Christie’s Hong Kong Magnificent Jewels that took place earlier this week, resulted in many Fancy Color Diamonds and Jewellery going back home. Many unique pieces such as the 2.10 carat, Fancy Vivid Blue and the 1.63 carat, Fancy Vivid Greenish Blue diamonds, both round shape did not reach their minimum bids, according to some.
The auction ended up with HKD 470,215,000 in sales compared to HKD 731,147,500 last year; a whopping 35.7% drop, while their purses and watches auction in Hong Kong has had increases over last year. With all the pieces that went unsold, or “withdrawn” as per Christie’s claim on their website as well as items removed form their website, sales could have reached last year level or even surpass them.
Fake News or Misleading the public! Which one is it?
Something quite disturbing has happened after the auction earlier this week! according to Christie’s website, all the major Fancy Color Diamonds that did not sell were either withdrawn, or removed from the site. Why is that? is Christie’s hiding something? how come they removed many pieces from their website? are they legally allowed to? if so, how is it perceived in the market? if an item does not sell for some reason, I think it is the right of the investing public to know about it, otherwise, auctions are no longer public, but a private matter. Why should there lots of noise when an item breaks a record, yet when it is not sold, it is hidden and removed as if it never existed (except our website). We pride ourselves in reporting the information whether it is good or less good. Truth is our policy!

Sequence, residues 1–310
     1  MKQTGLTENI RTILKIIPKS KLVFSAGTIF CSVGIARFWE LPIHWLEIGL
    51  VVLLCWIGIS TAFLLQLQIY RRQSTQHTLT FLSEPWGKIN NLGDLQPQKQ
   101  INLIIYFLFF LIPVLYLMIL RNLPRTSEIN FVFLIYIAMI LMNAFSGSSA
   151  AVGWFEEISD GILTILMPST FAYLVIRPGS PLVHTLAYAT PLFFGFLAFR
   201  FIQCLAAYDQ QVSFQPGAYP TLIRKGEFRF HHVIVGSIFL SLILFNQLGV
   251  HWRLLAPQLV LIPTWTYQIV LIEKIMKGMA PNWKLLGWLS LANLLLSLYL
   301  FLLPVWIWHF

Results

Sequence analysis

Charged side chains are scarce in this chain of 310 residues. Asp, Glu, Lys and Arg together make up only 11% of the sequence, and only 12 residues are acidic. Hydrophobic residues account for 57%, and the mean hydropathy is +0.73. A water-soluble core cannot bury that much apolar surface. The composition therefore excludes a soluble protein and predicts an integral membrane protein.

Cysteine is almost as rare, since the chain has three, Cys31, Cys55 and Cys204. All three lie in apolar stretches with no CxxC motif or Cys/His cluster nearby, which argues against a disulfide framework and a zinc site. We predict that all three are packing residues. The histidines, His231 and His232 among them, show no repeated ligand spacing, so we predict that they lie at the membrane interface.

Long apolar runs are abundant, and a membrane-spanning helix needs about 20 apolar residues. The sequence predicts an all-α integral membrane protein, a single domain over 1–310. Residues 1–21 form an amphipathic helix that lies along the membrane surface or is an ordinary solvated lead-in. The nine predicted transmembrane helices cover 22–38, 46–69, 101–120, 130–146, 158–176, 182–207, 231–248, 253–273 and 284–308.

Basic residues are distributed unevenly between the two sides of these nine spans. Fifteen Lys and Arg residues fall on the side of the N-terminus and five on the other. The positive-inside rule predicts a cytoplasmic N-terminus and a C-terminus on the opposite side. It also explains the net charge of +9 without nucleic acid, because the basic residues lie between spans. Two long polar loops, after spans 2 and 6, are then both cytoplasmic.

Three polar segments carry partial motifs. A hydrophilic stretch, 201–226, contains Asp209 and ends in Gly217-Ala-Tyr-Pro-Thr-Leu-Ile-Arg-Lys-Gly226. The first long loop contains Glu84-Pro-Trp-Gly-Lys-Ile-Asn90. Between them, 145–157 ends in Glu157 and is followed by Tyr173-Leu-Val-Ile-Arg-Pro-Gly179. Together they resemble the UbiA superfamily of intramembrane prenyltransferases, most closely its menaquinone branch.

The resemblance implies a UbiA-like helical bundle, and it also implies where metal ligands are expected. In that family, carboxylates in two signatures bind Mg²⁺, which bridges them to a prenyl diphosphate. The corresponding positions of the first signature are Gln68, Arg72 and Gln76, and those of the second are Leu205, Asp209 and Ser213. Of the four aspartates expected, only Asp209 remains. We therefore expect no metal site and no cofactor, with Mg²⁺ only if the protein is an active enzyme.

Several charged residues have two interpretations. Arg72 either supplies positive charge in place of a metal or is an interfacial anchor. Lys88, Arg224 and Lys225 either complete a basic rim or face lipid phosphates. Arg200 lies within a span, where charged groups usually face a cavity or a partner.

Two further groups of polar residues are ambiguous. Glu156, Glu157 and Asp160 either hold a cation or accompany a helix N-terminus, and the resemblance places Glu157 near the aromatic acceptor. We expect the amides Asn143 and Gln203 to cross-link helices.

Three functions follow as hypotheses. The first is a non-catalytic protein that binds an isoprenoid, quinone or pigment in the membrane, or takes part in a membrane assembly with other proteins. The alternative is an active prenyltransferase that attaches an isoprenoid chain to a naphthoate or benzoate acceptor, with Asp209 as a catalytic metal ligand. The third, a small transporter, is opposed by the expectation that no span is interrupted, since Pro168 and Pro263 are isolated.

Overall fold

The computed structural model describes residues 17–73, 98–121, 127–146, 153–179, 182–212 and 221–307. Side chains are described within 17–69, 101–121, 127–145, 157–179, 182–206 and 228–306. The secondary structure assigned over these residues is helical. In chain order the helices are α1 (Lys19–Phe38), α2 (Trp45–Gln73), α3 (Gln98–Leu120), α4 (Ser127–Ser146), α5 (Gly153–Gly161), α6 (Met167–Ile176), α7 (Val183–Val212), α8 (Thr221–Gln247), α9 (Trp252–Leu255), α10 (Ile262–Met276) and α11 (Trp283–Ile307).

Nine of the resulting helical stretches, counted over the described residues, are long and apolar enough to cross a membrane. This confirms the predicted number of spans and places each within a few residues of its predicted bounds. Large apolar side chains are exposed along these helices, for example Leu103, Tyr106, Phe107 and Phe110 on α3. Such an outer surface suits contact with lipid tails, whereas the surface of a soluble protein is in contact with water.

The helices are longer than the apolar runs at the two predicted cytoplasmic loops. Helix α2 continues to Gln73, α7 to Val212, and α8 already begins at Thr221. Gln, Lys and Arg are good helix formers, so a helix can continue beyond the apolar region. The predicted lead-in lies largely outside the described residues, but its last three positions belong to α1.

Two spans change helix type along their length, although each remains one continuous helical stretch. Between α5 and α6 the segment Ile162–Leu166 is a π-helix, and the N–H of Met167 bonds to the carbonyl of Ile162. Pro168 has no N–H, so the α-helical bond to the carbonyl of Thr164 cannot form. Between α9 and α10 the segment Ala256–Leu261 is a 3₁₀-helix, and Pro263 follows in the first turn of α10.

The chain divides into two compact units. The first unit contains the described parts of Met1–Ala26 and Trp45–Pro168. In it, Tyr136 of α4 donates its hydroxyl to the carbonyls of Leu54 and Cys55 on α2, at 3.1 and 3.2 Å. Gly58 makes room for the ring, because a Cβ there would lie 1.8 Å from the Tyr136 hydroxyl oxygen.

Let’s take a minute and review what did sell…
The 5.21 carat, Fancy pink with an Internally Flawless clarity and the 5.01 carat, Fancy Pink diamond with a VS1 clarity sold for $4.32 million total (using 7.8 exchange rate) or $422,750 per carat on average. Remember that on my last article review this item, it was mentioned that it was sold back in October 2017 by Sotheby’s for $5.114 million, and then declared unsold by Sotheby’s on their website.
The 5.01 and 5.21 carat Fancy Pink Diamonds Image credit: Christie’s
The famous 24.04 carat, Fancy Yellow Diamond once owned by Marilyn Monroe was estimated to sell between $500k to $750k and ended up selling for $1.32 million (based on 7.8 exchange rate) or $54,929 per carat. This is a perfect example where Provenance of the diamond has more importance than the actual value of such a diamond. The story behind it had greater value than the actual diamond.
The Marilyn Monroe, 24.04 carat, Fancy Yellow Diamonds Image credit: Christie’s
The 7.48 carat, Fancy Vivid Yellow Diamond ring was sold for $859k or $114,836 per carat, after an estimation of between $100k to $133.7k per carat so just around the average price per carat. This shows strong price valuation for Fancy Vivid Yellow diamonds above 5 carat in size.
The 7.48 carat Fancy Vivid Yellow Diamond Image credit: Christie’s
Unsold or Withdrawn? how can we get a real answer?